Alberto Rigoni is an Italian composer and bass player, who besides having a solo career, is also a member of Twinspirits, a progressive metal band and founder of a new pop-electro duo, Lady and the Bass. Alberto has released three solo albums, the latest being the one for review, Three Wise Monkeys, following on from Something Different (2008) and Rebirth (2011).
There are some guest musicians appearing on the album, Three Wise Monkeys, including Kevin Moore, keyboards (ex Dream Theater), Goran Edman, vocals (ex Yngwie Malmsteen) and Jonas Erixon vocals.
This third solo album, Three Wise Monkeys, by Alberto Rigoni is centered around the Japanese folk legend of the Three Wise Monkeys and also shows the evolution and maturity that a couple of years can bring to a vibrant, exploring musician.
Three Wise Monkeys, is a 10 track album with a playing time of around 46 minutes, and the opening track, “Toshoga Shrine,” is the shortest at only 1:10 minutes and track 5,” Blackened Tornado,” is the longest at 7:16 minutes.
As highlights for this album, I have gone for the three tracks that bear the names of the Three Wise Monkeys, “Mizaru,” who sees no evil, “Kikarazu,” who hears no evil and “Iwarazu,” who speaks no evil. All of these tracks are instrumental, although the album is about 50/50 with some tracks having excellent vocals from guests.
Track 2, “Mizaru” (6:52), is a very gentle instrumental to start, with a superb bass melody from Alberto, and simple drums, but is quickly into a more aggressive and faster metal passage which goes through several shifts in tempo. Kevin Moore, previously a keyboardist with Dream Theater, supplies stunning keyboards behind the driving bass and the track appears to take on a darker, tense atmosphere. The last minute or so, is simply excellent, again with the bass to the fore, gently taking the track out. The varied tempo of the track, combined with the driving rhythm is easy enough to maintain the interest of the listener.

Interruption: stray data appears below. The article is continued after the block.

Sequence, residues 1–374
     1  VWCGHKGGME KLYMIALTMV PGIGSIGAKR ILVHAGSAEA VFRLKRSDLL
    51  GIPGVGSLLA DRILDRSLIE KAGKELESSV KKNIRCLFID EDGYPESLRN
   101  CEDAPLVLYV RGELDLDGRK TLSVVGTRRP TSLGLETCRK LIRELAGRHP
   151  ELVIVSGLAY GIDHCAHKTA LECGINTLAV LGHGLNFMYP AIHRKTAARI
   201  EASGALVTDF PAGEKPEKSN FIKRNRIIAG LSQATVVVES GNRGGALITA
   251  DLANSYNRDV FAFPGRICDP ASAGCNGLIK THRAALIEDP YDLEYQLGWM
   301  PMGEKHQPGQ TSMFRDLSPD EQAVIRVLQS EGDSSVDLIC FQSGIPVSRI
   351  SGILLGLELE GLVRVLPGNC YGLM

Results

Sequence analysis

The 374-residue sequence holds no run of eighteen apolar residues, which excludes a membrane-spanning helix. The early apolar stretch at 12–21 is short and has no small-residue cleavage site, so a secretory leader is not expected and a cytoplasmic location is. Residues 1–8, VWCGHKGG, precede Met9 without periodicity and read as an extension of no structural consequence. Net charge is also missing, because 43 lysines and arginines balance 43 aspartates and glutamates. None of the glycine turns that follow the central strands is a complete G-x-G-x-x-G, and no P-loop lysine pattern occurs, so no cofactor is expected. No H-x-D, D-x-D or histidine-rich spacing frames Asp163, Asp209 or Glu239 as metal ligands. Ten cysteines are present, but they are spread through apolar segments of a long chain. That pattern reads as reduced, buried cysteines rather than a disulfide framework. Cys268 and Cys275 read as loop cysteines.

“Kikarazu” (3:58), track 4, has a soft atmospheric feel with a more jazzy influence and terrific pulsating bass passages. The plucked guitar and bass details throughout this track are superb. This is an amazingly relaxing piece of music and just as the listener is really easing into it, the music finishes, but has been able to press the “memorable” button in the mind.
Track 6, “Iwarazu” (4:23) is a much busier, darker and tense track, with, not surprisingly, the bass taking much of the spotlight. There is another jazzy influenced atmosphere in this track, with layered bass and keyboards which draws the listener in. Just before the 3 minute mark, a very symphonic keyboard passage builds the track up and then the keyboards sweep the track to its finale.
This album, Three Wise Monkeys, is almost split into two separate halves, one with the vocals and the other instrumental, and certainly is a hugely entertaining album. Alberto Rigoni’s phenomenal bass playing ranges from the subtle, delicate tones, shown in tracks such as, “Kikarazu” and “Between Space and Time,” to the out and out aggressive style on “Blackened Tornado” and “Free Falling”. While obviously prominent throughout the album, Alberto does not allow his bass to overpower everything, at times simply providing a solid foundation to allow the guest musicians and vocalist’s room to breathe and shine.
Three Wise Monkeys is an excellent album, striking, as it does, a balance between vocal and instrumental tracks. There are touches of classic rock, progressive metal and even symphonic rock to keep the listener well involved in the music. An album that almost shades a perfect score, but just not quite, although a 4.5 award means that Alberto has delivered a superb album, both for converts and new followers.
Key Tracks: Mizaru, Kikarazu and Iwarazu
Jim “The Ancient One” Lawson-MuzikReviews.com Staff
July 1, 2013